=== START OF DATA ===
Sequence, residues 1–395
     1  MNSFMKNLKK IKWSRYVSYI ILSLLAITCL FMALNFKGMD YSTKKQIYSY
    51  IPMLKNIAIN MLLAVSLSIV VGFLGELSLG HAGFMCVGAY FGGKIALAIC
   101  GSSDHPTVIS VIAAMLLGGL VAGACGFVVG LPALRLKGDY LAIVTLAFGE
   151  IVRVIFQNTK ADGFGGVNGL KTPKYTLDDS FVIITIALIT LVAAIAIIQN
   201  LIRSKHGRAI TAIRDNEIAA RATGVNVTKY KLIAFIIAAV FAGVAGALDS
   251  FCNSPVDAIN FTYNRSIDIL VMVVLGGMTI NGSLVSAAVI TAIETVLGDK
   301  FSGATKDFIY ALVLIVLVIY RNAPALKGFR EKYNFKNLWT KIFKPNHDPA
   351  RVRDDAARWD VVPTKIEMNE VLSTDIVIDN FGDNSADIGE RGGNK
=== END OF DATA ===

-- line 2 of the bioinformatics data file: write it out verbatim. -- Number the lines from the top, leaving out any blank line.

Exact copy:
     1  MNSFMKNLKK IKWSRYVSYI ILSLLAITCL FMALNFKGMD YSTKKQIYSY